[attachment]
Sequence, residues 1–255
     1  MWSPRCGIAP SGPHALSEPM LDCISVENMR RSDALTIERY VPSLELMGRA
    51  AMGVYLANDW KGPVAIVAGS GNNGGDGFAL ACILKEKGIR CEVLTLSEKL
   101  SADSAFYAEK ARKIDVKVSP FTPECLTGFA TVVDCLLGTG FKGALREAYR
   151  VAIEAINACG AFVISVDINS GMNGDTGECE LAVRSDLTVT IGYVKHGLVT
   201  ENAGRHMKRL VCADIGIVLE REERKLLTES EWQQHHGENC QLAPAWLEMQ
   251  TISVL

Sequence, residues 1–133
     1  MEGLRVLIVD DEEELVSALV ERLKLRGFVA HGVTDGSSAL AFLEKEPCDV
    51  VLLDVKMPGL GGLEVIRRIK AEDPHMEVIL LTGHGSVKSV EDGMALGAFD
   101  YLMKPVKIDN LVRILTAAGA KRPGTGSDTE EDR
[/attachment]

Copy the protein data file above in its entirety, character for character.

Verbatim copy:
Sequence, residues 1–255
     1  MWSPRCGIAP SGPHALSEPM LDCISVENMR RSDALTIERY VPSLELMGRA
    51  AMGVYLANDW KGPVAIVAGS GNNGGDGFAL ACILKEKGIR CEVLTLSEKL
   101  SADSAFYAEK ARKIDVKVSP FTPECLTGFA TVVDCLLGTG FKGALREAYR
   151  VAIEAINACG AFVISVDINS GMNGDTGECE LAVRSDLTVT IGYVKHGLVT
   201  ENAGRHMKRL VCADIGIVLE REERKLLTES EWQQHHGENC QLAPAWLEMQ
   251  TISVL

Sequence, residues 1–133
     1  MEGLRVLIVD DEEELVSALV ERLKLRGFVA HGVTDGSSAL AFLEKEPCDV
    51  VLLDVKMPGL GGLEVIRRIK AEDPHMEVIL LTGHGSVKSV EDGMALGAFD
   101  YLMKPVKIDN LVRILTAAGA KRPGTGSDTE EDR